Middle Sea: Music, Biology and Policy


CANCELLED

Fall 2014 and Winter 2015 quarters

Taught by

music composition
TBD--marine science hire
law and public policy, environmental law

Oceans constitute 70 percent of the globe's surface area. But as an international resource, a vast Middle Sea between nation-states, they have suffered a "tragedy of the commons"—overuse, depletion, pollution and degradation. What is the state of the stateless, yet vital, Saltwater Nation? We'll look beneath the surface, explore and survey the rhythms, ecology and many problems facing our planet's oceans, especially those caused by anthropogenic climate change. We'll learn how artists, scientists and public servants who conserve and manage natural resources all have vital roles to play in creating a sustainable future for oceans and the webs of life and culture in and around them.

Marine science is a fundamental part of this program. What is happening to our seas and the creatures that dwell within them? We'll take advantage of the marine environments surrounding our campus, including both estuarine and coastal habitats, and conduct extensive hands-on lab and field activities, as crucial ways to learn how scientific theories arise from accurate observations, reliable data and critical and creative thinking.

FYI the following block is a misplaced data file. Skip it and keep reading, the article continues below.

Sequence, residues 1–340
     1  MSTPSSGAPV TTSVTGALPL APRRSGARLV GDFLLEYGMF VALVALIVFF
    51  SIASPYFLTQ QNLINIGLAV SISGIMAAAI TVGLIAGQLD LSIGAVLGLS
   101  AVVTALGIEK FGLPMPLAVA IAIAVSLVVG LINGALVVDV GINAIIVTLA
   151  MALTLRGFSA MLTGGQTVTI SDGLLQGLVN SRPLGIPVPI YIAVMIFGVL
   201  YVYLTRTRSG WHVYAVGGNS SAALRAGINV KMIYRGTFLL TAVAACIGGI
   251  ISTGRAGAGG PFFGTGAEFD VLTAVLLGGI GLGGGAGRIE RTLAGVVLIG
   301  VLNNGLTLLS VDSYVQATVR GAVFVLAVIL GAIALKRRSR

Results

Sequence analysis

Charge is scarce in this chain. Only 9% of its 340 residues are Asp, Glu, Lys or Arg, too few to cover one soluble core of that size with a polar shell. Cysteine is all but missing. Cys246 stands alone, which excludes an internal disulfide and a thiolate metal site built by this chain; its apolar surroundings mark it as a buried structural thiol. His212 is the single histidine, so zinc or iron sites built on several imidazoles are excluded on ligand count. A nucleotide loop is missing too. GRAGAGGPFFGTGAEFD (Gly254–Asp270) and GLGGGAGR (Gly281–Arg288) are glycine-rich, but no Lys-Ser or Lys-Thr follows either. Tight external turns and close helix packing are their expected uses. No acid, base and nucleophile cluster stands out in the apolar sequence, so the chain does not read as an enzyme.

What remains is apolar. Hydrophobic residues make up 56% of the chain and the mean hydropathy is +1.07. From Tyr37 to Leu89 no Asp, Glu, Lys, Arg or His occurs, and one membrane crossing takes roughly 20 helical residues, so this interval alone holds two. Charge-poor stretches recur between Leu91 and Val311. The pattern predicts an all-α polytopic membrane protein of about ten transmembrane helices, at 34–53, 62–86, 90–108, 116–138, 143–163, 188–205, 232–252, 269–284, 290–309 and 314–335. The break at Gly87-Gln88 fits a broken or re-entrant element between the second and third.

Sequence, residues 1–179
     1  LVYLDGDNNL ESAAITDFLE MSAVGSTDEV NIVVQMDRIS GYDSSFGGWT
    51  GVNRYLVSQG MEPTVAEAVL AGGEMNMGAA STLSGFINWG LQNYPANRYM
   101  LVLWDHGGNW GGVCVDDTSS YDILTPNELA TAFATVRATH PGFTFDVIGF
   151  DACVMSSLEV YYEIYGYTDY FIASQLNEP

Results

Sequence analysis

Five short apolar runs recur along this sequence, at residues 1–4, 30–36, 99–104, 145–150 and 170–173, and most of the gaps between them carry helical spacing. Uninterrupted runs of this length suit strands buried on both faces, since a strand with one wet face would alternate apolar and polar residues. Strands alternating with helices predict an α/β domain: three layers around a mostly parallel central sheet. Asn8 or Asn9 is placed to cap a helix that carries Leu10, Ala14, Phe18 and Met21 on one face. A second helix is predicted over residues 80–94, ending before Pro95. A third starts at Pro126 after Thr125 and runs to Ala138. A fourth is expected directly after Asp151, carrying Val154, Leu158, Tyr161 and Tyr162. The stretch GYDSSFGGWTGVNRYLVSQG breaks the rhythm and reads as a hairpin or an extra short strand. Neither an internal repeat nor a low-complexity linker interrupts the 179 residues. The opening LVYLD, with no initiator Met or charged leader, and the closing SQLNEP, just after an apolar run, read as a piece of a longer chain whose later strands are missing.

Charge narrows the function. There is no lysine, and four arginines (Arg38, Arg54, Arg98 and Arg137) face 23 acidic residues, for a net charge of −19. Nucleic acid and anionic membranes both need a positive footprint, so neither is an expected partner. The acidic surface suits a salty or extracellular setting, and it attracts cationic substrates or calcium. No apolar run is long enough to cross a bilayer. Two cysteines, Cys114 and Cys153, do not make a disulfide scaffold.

Oceans are unique from a public policy perspective. Because these bodies overlap national and international borders, they constitute perhaps the only regions where shared governance must occur. Overfishing is an inherently international issue, as is plastics pollution, albedo feedback (decreasing ice cover) and loss of coral reefs. How have differing cultures regarded and interacted with oceans upon which they’ve depended over the centuries? What issues portend for those cultures that intimately depend upon productive, healthy ocean ecosystems? What do the ways we treat and talk about our seas reveal about our own culture?

From sea chanties to paintings, novels to symphonies, art works offer ways to reach the heart and frame issues around sustainability in thought-provoking ways. We'll study art and music of different cultures, and also use tide tables and other data sets to create unique music. Students will sketch and photograph sea life, study the sounds and motions of waves and tides, read books and write papers, conduct research and work in small groups on presentations and projects, learn to analyze music and art and explore possible careers and directions for further study.

Fields of Study

Preparatory for studies or careers in

oceanography, marine biology, law and public policy, music.

Location and Schedule

Campus location

Olympia

Schedule

Offered during: Day

Books

Buy books for this program through The Greener Store.

Online Learning

Enhanced Online Learning

More information about online learning.

Required Fees

$200 in fall for overnight field trips.

Special Expenses

$35-$60 for musical instruments and art supplies.

Revisions

Date Revision
March 12th, 2014 This program has been cancelled.

Registration Information

Credits: 16 (Fall); 16 (Winter)

Class standing: Freshmen ONLY Freshmen Only ; 100% of the seats are reserved for freshmen Freshmen–Freshmen

Maximum enrollment: 54

Fall

Course Reference Number not yet available.

Winter

Accepting New Students

Course Reference Number not yet available.

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